Santa Clara County has approved a comprehensive study of its jails in the wake of inadequate facilities and a growth of inmates with longer sentences, mental illnesses, special medical needs, security risks and gang affiliations, a county official said.
The county Board of Supervisors voted Tuesday to spend $500,000 from a state trust fund to pay for a needs assessment to gather facts the county may use to apply for state money to finance jail improvements, according to county chief executive officer Gary Graves.
The county is concerned about the lack of maximum security housing, the increase of older detainees with chronic diseases and other problems since a 2011 state realignment policy that shifted low-level offenders from state prisons to county jails, Graves said.
“We want to study this with current information,” Graves said. “We have years of experience with the old style.”
The county’s jails are “developing based on the realities of realignment,” Graves said. “We’re receiving inmates whose average length of stay is longer.”
As of Nov. 30, the county’s jail population stood at 4,057 inmates, of which 694 are convicts of less-serious felonies or parole violators diverted from state prisons due to realignment, which is now in its
third year, Graves said.
The state’s Board of Community Corrections established a bed capacity for the county’s Department of Corrections at 3,825 and in September 2011 before realignment, the county’s jails had only 3,450 inmates, according a county report given to the supervisors Tuesday.
The county’s jail system also has more inmates who are high security risks than only a year ago. Those under maximum security reached 645 as of November — 43 percent higher than mid-2012 — and 185 are charged with murder, a 30 percent increase, the county reported.
While county inmates were incarcerated from only about 90 to 120 days before realignment, many of the diverted inmates now are serving sentences of two, three or four years at its jails in lieu of state prison, according to Graves.
The county’s 57-year-old Main Jail South, located behind the Main Jail on Hedding Street in San Jose, houses 100 maximum-security inmates but has security mechanisms that are no longer in production, requiring jailers to special order or even use handmade parts to control security doors, county officials said.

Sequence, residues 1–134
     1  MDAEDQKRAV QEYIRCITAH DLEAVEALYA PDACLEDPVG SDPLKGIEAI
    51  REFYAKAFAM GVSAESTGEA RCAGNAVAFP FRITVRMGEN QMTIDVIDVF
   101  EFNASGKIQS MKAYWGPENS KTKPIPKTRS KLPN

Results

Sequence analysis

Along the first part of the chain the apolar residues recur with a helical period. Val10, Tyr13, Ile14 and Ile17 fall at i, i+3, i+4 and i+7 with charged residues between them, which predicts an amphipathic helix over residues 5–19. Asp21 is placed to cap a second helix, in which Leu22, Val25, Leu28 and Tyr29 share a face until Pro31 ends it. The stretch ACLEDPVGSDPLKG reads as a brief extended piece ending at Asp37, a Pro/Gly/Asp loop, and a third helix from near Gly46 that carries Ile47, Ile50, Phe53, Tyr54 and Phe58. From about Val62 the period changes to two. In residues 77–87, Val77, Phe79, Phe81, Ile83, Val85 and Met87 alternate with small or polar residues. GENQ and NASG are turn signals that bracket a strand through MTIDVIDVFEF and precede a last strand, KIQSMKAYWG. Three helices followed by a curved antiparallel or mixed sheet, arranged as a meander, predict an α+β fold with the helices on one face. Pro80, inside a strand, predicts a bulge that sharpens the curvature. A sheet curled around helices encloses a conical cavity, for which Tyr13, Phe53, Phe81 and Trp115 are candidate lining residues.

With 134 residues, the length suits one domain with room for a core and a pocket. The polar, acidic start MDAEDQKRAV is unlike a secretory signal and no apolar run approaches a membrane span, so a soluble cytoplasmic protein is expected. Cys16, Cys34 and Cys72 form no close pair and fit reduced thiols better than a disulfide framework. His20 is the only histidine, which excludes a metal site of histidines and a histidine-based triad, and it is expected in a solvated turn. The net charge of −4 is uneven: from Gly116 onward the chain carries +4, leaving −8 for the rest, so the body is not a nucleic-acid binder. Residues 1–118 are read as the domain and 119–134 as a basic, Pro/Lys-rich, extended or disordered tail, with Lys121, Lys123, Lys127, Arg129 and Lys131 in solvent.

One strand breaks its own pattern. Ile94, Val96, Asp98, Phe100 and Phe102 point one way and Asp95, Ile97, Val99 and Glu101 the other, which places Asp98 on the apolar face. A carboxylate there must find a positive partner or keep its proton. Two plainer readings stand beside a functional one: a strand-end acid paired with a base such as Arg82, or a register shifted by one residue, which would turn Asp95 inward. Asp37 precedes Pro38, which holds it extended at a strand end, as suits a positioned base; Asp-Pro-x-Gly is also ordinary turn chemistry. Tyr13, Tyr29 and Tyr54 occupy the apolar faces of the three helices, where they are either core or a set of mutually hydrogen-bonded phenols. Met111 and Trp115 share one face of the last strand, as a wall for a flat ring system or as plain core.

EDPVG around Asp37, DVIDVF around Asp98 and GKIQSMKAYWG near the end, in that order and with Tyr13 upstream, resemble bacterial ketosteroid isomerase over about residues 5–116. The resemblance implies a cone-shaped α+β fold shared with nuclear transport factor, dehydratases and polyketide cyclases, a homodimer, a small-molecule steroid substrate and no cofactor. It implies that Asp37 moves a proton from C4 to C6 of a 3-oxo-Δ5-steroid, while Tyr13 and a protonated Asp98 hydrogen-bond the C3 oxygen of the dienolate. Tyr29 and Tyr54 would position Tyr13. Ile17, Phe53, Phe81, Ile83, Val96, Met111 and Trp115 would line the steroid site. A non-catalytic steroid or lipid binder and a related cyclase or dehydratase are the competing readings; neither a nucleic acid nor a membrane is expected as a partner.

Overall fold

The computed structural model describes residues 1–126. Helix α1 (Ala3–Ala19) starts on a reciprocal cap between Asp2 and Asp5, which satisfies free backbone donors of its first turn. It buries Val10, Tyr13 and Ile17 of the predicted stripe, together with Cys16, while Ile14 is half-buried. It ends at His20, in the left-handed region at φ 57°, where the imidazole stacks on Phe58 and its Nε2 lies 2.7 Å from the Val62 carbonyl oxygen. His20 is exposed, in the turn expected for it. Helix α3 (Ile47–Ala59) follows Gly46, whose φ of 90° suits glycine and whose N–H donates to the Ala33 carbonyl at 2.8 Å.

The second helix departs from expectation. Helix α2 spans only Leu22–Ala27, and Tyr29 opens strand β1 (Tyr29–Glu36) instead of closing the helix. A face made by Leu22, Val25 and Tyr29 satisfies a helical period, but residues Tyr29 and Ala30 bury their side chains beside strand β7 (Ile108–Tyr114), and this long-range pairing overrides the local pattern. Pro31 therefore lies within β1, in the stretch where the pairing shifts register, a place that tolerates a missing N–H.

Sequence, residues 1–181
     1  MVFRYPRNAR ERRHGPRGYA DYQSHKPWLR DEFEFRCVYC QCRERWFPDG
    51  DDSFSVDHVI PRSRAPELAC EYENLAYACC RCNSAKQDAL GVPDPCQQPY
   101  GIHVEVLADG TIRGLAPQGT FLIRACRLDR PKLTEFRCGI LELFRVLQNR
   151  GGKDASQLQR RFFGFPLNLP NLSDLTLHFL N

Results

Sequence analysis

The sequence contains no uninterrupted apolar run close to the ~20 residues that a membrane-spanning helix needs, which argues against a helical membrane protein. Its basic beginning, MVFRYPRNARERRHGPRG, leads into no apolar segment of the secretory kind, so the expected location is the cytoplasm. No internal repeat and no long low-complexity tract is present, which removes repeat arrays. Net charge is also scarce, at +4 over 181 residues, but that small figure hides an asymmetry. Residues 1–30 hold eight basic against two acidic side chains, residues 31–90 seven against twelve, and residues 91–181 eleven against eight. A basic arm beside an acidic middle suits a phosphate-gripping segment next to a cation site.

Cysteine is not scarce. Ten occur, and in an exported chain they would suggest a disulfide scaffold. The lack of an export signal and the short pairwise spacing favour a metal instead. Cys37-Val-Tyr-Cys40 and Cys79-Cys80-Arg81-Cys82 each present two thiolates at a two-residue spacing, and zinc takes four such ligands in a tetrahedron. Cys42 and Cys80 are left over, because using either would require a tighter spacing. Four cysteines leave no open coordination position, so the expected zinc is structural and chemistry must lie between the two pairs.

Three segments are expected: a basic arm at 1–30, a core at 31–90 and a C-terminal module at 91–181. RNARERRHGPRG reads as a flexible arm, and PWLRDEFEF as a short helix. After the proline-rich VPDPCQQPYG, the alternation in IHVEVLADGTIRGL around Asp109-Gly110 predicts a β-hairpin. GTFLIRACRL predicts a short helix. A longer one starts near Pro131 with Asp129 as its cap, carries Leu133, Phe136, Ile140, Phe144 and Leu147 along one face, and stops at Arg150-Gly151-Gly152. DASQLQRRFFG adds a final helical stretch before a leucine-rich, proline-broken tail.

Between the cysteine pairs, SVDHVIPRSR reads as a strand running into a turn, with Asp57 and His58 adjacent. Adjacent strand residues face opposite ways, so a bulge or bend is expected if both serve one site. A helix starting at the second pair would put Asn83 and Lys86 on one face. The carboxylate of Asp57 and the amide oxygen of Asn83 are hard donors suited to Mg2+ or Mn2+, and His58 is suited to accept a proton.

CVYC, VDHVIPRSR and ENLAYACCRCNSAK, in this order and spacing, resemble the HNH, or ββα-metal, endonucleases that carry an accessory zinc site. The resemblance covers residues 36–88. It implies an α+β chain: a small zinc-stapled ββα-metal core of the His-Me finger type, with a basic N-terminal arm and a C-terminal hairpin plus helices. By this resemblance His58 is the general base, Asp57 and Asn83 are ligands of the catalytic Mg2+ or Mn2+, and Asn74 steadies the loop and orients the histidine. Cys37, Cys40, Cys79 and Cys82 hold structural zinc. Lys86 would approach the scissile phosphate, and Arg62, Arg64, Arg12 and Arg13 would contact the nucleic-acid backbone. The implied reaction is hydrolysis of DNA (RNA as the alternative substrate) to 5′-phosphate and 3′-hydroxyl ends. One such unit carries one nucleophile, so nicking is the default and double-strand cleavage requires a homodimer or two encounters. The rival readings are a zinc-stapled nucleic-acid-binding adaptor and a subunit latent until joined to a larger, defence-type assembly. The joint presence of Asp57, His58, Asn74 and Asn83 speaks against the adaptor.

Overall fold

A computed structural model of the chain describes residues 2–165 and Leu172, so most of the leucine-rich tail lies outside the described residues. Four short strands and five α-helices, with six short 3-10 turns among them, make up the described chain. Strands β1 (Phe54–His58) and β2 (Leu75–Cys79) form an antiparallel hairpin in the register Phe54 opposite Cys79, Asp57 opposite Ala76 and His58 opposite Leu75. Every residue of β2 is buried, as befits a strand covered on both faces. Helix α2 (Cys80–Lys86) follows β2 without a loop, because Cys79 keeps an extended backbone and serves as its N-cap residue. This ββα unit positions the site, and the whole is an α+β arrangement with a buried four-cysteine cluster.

About 25 percent of the county’s jail inmates as of the middle of this year suffered from a mental illness requiring special management, up from 22 percent in all of 2012, and 25 to 30 percent have mental illnesses serious enough to require daily medication, according to the county report.
An estimated 10 percent of county prisoners are seriously mentally ill and of the 1,050 inmates with mental illnesses, more than 200 cannot be housed in special beds needed to manage them, the county reported.
The number of rival gang members in the county’s jail system has expanded, many of them from the California Hispanic gangs Surenos and Nortenos, county officials said.
The Surenos before had claimed their territory as south of Bakersfield and the Nortenos north of that city, but the Surenos are now all over the United States, according to the report.
While Santa Clara County’s jails are considered Norteno-controlled, an unprecedented number of Sureno gang members suspected of murder have been booked into the county’s jails and often require long periods for prosecution inside, putting them at risk of assault by Nortenos unless placed in separate areas, the county reported.
The ages of Santa Clara County’s inmates have increased since the 1980s, with many over 55 and others who are 65 to 70 with special needs and physical disabilities that its jails were not designed for, the county reported.
Along with the Main Jail South, the county’s three other facilities, its Main Jail, built in 1989, and Elmwood Women’s Correctional Center and Elmwood Men’s Minimum Camp in Milpitas are all impacted by the influx of prisoners due to realignment, according to the county.
The Main Jail has had an increase in sewage leaks and spills in public work areas, the woman’s center has an entire unit that needs to be replaced and the men’s camp barracks cannot support contemporary practices for supervision of inmates, the county reported.
Some of the inmates who are staying longer have multiple health issues, placing a strain on jail infirmaries to serve the sickest and most vulnerable, the county reported.
Violent acts against jail staff have jumped since realignment, with 17 assaults during the first six months of this year compared to 10 for the period in 2012, according to the county.